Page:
Brexit: UK could grant EEAS citizens same rights as EU nationals

Written by Martin Banks on 19 February 2018 in News
News

The UK has outlined plans to grant residents from Iceland, Liechtenstein and Norway similar rights post-Brexit as those from EU member states.

Passport check | Photo credit: Press Association


UK government officials met with their EEA EFTA counterparts in order to extend the deal to each other’s citizens.

The move comes as engagement between the UK and the EEA EFTA members intensifies.

It also follows the agreement reached between the EU and UK in December to secure the rights of the 3.5 million EU citizens living in the UK and the 1.4 million UK citizens living in the 27 member states.


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The deal, which covers residency, healthcare, pensions, mutual recognition of professional qualifications and other benefits could be extended to the 18,000 Norwegian nationals, 2000 Icelandic nationals and 40 Liechtenstein nationals living in the UK, and the 15,000 UK nationals in Norway, 800 in Iceland and 60 in Liechtenstein.

EEA EFTA citizens are covered by free movement provisions through the EEA EFTA states’ membership of the EEA agreement. This allows them to currently move to the UK and other EU states, and similarly UK citizens are currently able to move to the three EEA EFTA states.

On Monday, the UK and EEA EFTA countries issued a joint-statement which read, “Positive discussions on these issues took place at the meeting and the parties affirmed their desire to secure the status and protect the rights of UK nationals living in Iceland, Norway and Liechtenstein and nationals of those countries living in the UK.”  

Meanwhile, former UK Labour MP Roger Casale, now championing citizens’ rights after Brexit, said it is “high time both the EU and the UK looked beyond the referendum and started thinking about how they can facilitate EU-UK migration in the future.”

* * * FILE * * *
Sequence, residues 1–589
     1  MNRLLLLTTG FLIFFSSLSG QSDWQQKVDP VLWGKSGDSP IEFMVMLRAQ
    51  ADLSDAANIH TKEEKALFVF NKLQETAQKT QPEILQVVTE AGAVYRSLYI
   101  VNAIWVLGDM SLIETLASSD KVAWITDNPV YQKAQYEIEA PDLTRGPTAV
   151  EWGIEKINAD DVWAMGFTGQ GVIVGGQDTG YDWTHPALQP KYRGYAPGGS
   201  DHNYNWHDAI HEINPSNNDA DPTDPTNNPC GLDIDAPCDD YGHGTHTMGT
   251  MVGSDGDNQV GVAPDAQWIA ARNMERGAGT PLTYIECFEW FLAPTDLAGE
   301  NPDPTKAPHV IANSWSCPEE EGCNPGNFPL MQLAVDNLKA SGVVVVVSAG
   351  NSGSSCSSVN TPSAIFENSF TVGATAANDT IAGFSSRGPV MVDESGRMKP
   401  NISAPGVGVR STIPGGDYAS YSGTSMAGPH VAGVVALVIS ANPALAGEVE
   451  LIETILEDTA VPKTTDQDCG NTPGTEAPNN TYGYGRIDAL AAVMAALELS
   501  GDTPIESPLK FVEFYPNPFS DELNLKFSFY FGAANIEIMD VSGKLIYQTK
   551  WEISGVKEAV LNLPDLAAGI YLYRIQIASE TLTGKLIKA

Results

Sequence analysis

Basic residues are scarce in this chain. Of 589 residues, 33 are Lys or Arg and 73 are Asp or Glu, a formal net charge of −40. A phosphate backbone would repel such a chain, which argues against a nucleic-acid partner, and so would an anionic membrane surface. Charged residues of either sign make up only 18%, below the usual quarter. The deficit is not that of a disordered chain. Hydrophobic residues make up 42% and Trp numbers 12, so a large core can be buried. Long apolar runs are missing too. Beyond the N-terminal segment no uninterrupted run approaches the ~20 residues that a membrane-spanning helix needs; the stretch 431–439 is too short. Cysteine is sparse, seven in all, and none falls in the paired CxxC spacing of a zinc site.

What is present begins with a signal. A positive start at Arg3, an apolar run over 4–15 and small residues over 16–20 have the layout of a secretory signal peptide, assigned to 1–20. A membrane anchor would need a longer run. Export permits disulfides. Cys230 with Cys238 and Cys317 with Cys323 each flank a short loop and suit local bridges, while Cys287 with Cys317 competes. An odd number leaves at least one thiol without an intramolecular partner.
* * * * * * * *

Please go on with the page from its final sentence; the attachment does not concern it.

He has proposed a “Green Card 4 Europe” option which, he said, addresses the challenge.

The proposal won the Financial Times ‘Future of Europe’ competition (in the migration section) and was published in the FT on 31 January 2017 to critical acclaim.

Casale, based in the UK, told this website, “Michel Barnier is aware of the proposal and the core idea is that EU27 citizens resident in the UK and Britons resident in the EU would carry a Green Card.  It would be issued by the EU and it would look and feel like a driving licence or an EHIC card.

“The Green Card would guarantee EU citizens in the UK and Britons in the EU all the rights they previously enjoyed when Britain was an EU member. For Green Card holders, life would continue as before, despite the referendum.”

He said the proposal is currently being looked at by both the Commission and the European Parliament.

Casale added, “It is a simple, fair-minded, easy-to-implement, reciprocal proposal. Let’s do what we can to make sure it survives its first contact with the negotiations.”

 

About the author

Martin Banks is a senior reporter for the Parliament Magazine

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